Canadian law firms have been closely watching the cybersecurity collaboration developments between the financial industry and law firms happening south of the border. The push for law firms to provide greater levels of cybersecurity assurances to financial institutions has been driven to a large degree by the US Treasury Department, which has identified law firms for specific scrutiny. These developments have led Canadian financial institutions and the Office of the Superintendent of Financial Institutions (OSFI) to closely follow what is happening in the US and begin making similar moves regarding cybersecurity in Canada.
Collaboration amongst Bay Street law firms in Canada already occurs today, in large part through regular informal meetings that CIOs and security leads hold in order to discuss various topics, including cybersecurity. Currently, however, there is no formal cybersecurity information sharing or collaboration, although discussions about setting up this type of organization have been ongoing.
Cooperation and information sharing on cybersecurity also was enhanced when, in June 2013, the US-based International Legal Technology Association held its first ever LegalSEC summit in the Chicago area, in recognition of the growing need for law firm IT departments to respond to and collaborate on cybersecurity. The summit was an entire day and McCarthy Tetrault was one of the only Canadian firms represented.
In 2014 the summit expanded to two days and a number of CIOs and security leads from major Canadian firms attended to learn what security challenges their US colleagues were facing and how they were addressing them. The Canadian firms also used time at the summit to have their own informal meetings on cybersecurity. LegalSEC will again take place this year on June 8th and 9th in Baltimore, MD and the initiative amongst Canadian law firms is expected to develop further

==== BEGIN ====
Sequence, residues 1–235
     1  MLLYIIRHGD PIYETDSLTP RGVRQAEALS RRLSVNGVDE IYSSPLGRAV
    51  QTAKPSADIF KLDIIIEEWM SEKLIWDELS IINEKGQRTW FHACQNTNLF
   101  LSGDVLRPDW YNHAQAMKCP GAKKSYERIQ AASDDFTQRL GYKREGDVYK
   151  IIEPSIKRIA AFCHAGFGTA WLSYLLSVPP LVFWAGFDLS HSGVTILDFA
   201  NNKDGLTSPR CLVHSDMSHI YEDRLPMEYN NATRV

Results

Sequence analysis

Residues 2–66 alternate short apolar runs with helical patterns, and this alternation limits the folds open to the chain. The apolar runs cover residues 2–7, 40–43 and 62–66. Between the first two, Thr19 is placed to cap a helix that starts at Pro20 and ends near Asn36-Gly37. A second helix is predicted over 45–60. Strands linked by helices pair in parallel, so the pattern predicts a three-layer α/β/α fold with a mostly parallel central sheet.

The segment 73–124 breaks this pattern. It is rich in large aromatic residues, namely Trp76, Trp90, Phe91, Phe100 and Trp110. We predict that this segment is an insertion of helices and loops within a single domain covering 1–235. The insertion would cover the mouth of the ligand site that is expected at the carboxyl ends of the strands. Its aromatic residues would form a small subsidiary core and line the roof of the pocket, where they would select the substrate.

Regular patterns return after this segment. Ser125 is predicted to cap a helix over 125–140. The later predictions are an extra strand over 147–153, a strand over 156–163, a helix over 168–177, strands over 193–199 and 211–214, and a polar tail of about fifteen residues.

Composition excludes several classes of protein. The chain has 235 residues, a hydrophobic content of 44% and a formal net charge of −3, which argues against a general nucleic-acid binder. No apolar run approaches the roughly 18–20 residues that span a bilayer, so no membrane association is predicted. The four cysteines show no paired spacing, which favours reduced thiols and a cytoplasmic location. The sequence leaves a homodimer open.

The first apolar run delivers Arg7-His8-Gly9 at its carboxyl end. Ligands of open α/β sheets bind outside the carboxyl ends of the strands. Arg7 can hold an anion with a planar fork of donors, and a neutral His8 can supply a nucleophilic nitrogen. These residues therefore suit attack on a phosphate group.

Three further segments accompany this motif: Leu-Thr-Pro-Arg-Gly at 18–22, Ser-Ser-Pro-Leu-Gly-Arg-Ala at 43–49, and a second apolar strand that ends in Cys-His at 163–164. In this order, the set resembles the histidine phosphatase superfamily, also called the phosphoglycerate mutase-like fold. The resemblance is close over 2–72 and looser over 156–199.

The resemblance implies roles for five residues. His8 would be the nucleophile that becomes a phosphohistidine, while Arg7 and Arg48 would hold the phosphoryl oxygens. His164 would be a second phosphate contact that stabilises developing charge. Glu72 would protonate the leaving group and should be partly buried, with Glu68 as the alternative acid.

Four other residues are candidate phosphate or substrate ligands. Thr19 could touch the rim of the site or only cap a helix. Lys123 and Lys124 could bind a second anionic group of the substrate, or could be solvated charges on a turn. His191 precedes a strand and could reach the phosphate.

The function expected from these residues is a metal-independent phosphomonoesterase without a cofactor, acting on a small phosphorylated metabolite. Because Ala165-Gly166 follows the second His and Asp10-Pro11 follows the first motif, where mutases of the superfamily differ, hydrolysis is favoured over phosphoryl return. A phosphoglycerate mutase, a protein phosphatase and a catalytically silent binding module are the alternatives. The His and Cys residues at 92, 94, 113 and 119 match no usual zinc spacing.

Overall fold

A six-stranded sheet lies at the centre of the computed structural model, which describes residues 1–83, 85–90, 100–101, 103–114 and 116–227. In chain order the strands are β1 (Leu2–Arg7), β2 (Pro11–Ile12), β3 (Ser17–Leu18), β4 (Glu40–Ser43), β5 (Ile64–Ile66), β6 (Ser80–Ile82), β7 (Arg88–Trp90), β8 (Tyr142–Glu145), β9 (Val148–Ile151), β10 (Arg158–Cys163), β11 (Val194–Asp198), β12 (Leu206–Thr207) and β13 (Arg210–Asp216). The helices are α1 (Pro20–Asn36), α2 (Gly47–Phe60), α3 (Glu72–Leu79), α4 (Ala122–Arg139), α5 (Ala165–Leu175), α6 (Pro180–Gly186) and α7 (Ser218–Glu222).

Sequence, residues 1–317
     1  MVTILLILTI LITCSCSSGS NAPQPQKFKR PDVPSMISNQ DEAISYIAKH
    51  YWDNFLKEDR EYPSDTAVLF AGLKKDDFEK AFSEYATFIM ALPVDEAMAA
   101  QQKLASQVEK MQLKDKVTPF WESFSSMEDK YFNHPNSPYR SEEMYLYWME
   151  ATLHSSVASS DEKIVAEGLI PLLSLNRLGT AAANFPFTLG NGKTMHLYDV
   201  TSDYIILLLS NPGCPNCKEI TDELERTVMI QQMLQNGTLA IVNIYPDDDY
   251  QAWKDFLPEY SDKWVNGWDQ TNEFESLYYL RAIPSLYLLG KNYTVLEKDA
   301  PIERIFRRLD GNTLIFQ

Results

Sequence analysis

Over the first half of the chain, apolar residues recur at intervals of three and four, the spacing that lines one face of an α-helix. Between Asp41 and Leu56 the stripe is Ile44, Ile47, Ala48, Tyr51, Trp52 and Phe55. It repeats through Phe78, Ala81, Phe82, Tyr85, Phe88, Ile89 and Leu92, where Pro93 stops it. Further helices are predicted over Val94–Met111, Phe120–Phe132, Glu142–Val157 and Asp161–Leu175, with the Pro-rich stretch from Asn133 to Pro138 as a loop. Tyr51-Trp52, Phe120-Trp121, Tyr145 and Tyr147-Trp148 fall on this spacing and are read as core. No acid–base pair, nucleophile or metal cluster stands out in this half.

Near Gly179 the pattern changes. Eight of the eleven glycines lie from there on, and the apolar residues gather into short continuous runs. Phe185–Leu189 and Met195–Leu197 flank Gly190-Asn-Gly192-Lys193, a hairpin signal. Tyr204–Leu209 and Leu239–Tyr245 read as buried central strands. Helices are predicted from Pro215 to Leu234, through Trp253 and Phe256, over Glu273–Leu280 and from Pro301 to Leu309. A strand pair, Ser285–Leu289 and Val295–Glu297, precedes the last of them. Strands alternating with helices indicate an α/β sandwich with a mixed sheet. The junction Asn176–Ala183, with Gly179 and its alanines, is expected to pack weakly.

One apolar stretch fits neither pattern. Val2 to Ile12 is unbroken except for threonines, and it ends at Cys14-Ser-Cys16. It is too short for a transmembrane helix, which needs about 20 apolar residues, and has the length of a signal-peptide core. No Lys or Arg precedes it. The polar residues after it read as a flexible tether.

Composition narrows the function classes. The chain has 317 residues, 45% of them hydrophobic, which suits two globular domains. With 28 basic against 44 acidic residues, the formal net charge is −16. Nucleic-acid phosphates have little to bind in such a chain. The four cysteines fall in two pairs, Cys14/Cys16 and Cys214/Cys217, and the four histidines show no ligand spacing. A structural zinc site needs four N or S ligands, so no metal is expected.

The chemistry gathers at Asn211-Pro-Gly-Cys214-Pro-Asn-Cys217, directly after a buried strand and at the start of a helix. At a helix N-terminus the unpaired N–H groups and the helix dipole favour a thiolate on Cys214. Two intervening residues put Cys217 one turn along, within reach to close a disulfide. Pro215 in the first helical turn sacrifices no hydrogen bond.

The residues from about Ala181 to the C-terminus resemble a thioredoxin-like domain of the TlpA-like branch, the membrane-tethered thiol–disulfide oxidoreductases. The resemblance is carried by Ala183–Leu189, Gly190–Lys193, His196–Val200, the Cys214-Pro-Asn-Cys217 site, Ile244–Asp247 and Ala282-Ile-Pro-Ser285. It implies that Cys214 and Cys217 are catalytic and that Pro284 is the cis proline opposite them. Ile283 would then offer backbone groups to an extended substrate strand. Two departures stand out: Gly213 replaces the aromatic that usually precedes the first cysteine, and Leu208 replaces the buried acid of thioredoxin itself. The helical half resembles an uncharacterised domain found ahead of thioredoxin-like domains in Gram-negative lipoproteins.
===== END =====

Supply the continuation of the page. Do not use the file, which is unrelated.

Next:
Canadian law firms are exploring ways in which they can provide their financial institution clients and other clients enhanced cybersecurity assurance by adopting common industry standard information security best practices, including IT and cyber risks in firm risk management, and by developing more formal information security governance with regular briefings to firms’ management teams and boards of partners.
An example of one such standard that could be used to achieve a reasonable level of cybersecurity is the Critical Security Controls for Effective Cyber Defense, a prioritized list of Top 20 controls developed by industry and the US Government. The Top 20 is notably only a subset of the International Standards Organization 27002:2013 set of controls, or the recently published NIST Cybersecurity Framework that was initiated by Executive Order of the US President; however, even the application of this subset has the potential to improve the security posture of a firm and reduce risk, while being compatible with these larger standard or frameworks should a firm wish to pursue them at a future date.
Implementing these security measures will better position Canadian firms to collaborate on cybersecurity, both among themselves and with financial institutions, and allow them to action the intelligence that would come from such a partnership.